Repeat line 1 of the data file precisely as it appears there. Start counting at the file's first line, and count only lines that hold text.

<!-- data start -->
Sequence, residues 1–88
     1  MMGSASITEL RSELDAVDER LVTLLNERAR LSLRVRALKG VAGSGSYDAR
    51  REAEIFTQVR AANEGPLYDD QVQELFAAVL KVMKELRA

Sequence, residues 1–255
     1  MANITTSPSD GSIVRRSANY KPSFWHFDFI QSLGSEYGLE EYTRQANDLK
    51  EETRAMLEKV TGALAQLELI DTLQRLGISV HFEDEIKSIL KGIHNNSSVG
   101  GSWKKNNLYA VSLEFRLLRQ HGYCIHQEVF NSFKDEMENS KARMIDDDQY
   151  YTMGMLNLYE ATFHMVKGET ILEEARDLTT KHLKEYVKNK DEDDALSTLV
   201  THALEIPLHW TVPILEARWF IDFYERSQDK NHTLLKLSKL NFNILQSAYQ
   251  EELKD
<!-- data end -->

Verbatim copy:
Sequence, residues 1–88